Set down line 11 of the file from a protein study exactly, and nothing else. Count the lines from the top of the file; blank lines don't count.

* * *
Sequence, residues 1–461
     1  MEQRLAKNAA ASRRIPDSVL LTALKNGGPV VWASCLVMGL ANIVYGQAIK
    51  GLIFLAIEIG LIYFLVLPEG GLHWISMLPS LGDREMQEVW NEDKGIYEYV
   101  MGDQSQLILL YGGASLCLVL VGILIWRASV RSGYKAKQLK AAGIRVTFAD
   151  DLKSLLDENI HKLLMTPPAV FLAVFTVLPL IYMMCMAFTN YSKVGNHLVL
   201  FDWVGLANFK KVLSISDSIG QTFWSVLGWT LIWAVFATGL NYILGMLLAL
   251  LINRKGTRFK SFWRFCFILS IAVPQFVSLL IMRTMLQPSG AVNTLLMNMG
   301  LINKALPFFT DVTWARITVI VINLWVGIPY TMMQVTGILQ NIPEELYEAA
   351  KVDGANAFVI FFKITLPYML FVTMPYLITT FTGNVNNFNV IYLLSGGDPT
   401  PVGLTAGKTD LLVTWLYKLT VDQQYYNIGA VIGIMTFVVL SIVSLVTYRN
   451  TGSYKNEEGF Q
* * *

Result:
   451  TGSYKNEEGF Q